Originally named Merkel Dene, the land known today as Holywell Dene was first recorded circa 800 AD. An ancient ravine woodland that stretches from the mouth of the Seaton Burn at Season Sluice, over six kilometres, through Holywell to Seghill. The outline of today’s Holywell Dene has changed little since 800 AD.
Designated as a Local Nature Reserve in 2003, Holywell Dene houses a rich and varied selection of flora and fauna from native species trees and shrubs such as Oak, Ash, and Hazel, to delicate woodland species such as Hyacinthoides non-scripta (Bluebell), Ranunculus auricoma (Goldilocks Buttercup) and Viola riviniana (Dog Violet). Birds and animals native to Holywell Dene include the Kingfisher (Illustrated below), Great Spotted Woodpecker, Bullfinch, Badger, and Red Squirrel.
The Holy Well (illustrated above), from whence Holywell Dene takes its name, was one of several chemical or healing springs within the Dene and housed a bubbling well dedicated to St Mary. It is situated on private land originally known as The Park, near the Holywell Bridge. This vitreolin spring apparently had an atramentous (inky) and irony taste and it was said that the water rose in ‘predictable bubbles’. Today, only a few stones of the original well remain.
Records show that Holywell was in existence in 1161. The Newcastle Weekly Chronicle of 1873 stated that: ‘Holywell Village is not by any means a clean place; there seems a want of drainage, and a deficiency of sanitary arrangements.’
Currently owned by descendants of the Delaval family, Holywell Dene was conferred to one, Hubert de la Val, who came to britain with the army of William the Conqueror in 1066. The Delaval family were colourful additions to the North East of England and the ancestors of the Dene’s current owner, Lord Hastings, were politicians, courtiers, farmers, industrialists, soldiers, academics and entertainers. The family were key to the development of Holywell Dene over centuries.
Hubert de la Val celebrated his newly acquired Northumbrian estates by building the Church of our Lady in 1100. This Norman church remains practically unchanged since the 1100s.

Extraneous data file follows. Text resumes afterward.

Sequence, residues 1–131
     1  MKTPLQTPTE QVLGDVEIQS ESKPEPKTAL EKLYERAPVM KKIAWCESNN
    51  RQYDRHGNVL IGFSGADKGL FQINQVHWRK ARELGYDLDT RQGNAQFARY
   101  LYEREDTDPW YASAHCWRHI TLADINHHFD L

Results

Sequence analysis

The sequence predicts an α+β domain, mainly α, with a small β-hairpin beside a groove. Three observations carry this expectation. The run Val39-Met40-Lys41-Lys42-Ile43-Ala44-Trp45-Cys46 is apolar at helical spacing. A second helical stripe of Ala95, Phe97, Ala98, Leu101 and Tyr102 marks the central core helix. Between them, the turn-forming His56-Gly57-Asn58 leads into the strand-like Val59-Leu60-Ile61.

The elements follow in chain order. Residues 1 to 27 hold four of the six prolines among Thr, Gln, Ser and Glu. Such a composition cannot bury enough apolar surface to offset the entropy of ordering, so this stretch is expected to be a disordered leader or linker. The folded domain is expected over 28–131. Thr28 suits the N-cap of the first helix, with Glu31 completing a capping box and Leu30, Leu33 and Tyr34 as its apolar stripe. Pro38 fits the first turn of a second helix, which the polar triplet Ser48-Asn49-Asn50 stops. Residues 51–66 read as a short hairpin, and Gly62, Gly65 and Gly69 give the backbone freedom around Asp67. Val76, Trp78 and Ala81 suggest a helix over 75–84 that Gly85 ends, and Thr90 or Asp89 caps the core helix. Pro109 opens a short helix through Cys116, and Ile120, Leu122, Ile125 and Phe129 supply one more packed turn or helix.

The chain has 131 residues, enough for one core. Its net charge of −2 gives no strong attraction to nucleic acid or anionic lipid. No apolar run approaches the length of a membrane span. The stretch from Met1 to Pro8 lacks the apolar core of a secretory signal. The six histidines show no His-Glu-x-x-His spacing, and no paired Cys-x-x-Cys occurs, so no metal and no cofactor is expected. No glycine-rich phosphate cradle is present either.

Holywell Dene has been used for both business and pleasure over the centuries. Industry within the Dene’s boundaries included farming, coal mining, milling, charcoal making and quarrying, while at its junction with the sea at Seaton Sluice, industry included glassmaking, brewing, brick making and salt production. And from the Victorian era to the current day, the Dene has been used for walking and enjoying the wildlife and flora native to Northumberland.
The earliest known reference of Seaton Delaval Hall is 1415; Tudor and Jacobean houses stood until the house was built by Sir John Vanbrugh for Admiral George Delaval. Vanbrugh was instructed to design a great mansion a short distance inland, just far enough away from the dirt and smells of the harbour, at the edge of Holywell Dene. Work started in 1718 and continued for 10 years. The hall can still be seen from the northern edge of Holywell Dene and is open to the public Wednesdays & Sundays from June to September, as well as May and August Bank Holidays 2–6pm.
Holywell Dene has benefited from the involvement of a number of individuals and organisations interested in maintaining the Dene as wonderful wildlife haven and recreation area.
The following have been actively involved in the restoration of the woodland areas and the designation of the Holywell Dene Local Nature Reserve:
Special thanks go to David Anderson who provided historical information for these panels.
This board was funded by Merck Sharp & Dohme.